Peter Jennings (seated left), Former Deputy Secretary for Strategy in the Australian Department of Defence takes questions from the floor.October 11 Event: US-Australia Security Roundtable

Executive Director of the Australian Strategic Policy Institute (ASPI), Peter Jennings, led an off-the-record roundtable discussion at the East-West Center in Washington on the topic of Australia and the US “pivot” to Asia. He engaged American colleagues from the academic, policy-making, and security sectors, on the implications of the US rebalance to the region, including for the US-Australia alliance and our mutual security strategies. Read more...


Sri Lankan Supreme Court Attorney Saliya Pieris speaks at the East-West Center in Washington.October 10 Event: Democratic Crisis in Sri Lanka: The Threat to Rule of Law in South Asia’s Oldest Democracy

The defeat of the Liberation Tigers of Tamil Eelam by the Sri Lankan government, ending thirty years of war, has resulted in relative peace after decades of terrorism, violence, and destruction. However Sri Lanka’s years of civil war, coupled with systematic attacks on its democratic institutions by successive governments, has placed what was once one of Asia’s model democracies at risk; jeopardizing the rule of law, the independence of the judiciary and the freedom of its people. These developments have not gone unnoticed. Read more...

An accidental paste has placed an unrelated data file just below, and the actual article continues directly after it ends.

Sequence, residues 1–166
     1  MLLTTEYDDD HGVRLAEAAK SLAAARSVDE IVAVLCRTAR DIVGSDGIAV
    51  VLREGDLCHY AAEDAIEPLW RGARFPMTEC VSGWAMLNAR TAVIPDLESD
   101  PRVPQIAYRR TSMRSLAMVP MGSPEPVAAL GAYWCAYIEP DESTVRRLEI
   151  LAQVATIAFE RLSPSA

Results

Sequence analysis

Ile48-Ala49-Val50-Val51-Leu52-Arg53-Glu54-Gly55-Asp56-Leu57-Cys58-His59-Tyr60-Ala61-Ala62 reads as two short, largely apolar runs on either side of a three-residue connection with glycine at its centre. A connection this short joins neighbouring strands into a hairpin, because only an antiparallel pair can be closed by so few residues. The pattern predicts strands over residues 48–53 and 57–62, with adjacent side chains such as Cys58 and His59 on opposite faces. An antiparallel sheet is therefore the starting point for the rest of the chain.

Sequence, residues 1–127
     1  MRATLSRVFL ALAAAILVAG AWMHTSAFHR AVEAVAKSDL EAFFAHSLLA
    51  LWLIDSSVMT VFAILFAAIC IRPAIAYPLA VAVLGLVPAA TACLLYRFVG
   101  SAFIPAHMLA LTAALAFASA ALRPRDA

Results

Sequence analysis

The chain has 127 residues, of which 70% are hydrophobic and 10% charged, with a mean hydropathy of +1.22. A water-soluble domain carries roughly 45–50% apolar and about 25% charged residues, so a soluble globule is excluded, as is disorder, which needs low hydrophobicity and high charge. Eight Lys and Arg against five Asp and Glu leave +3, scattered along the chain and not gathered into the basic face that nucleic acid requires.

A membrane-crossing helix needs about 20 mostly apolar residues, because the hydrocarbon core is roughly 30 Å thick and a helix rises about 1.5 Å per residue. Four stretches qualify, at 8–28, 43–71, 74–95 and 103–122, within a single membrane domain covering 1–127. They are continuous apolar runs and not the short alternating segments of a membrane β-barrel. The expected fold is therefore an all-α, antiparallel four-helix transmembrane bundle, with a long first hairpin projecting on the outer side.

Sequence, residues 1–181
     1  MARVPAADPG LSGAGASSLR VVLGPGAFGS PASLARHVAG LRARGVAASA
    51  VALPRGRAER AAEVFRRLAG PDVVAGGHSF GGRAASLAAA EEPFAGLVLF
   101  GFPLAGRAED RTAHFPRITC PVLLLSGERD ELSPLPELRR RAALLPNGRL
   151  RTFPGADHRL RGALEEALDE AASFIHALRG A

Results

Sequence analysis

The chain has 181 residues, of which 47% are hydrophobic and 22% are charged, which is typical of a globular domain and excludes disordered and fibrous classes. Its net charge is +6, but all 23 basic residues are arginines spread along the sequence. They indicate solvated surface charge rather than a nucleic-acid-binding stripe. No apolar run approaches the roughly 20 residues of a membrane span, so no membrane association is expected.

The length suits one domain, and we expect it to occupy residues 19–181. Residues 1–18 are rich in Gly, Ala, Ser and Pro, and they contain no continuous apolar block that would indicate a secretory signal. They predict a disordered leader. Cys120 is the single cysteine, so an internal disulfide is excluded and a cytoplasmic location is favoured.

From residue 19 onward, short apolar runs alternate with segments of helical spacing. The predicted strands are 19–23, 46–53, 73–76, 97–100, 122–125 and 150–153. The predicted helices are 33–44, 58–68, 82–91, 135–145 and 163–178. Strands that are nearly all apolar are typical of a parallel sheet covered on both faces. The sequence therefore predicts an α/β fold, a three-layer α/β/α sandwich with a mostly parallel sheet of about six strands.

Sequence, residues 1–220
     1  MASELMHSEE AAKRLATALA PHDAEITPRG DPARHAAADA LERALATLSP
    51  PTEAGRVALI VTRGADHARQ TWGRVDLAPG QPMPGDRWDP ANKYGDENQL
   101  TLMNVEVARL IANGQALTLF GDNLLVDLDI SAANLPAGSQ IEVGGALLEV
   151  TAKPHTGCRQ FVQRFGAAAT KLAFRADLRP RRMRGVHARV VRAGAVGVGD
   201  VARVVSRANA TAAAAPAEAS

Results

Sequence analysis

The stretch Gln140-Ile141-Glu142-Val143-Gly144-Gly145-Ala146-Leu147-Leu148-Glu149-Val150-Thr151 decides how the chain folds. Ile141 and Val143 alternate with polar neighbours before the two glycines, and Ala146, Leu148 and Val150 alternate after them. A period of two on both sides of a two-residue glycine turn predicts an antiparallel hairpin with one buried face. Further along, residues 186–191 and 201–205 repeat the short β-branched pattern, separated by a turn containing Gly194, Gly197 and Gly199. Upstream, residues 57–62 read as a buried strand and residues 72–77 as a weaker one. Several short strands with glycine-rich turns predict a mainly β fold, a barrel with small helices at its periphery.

Dr. Mark Thomson pauses for a question at the East-West Center in Washington.September 25 Event: Australia’s Response to US Re-engagement in Asia: A Tale of Two Pivots

The US ‘pivot’ to Asia has received wholehearted support from both sides of Australian politics—hardly surprising for a country whose prosperity and security has benefited greatly from US involvement in the region since WWII. However challenges lie ahead. Australia is yet to develop a clear concept for balancing its economic ties to China with its strategic partnership with the United States. It also remains to be seen how Australia will meet rising US expectations for its allies in Asia—especially after the drastic cuts to the Australian defense budget earlier this year. Read more...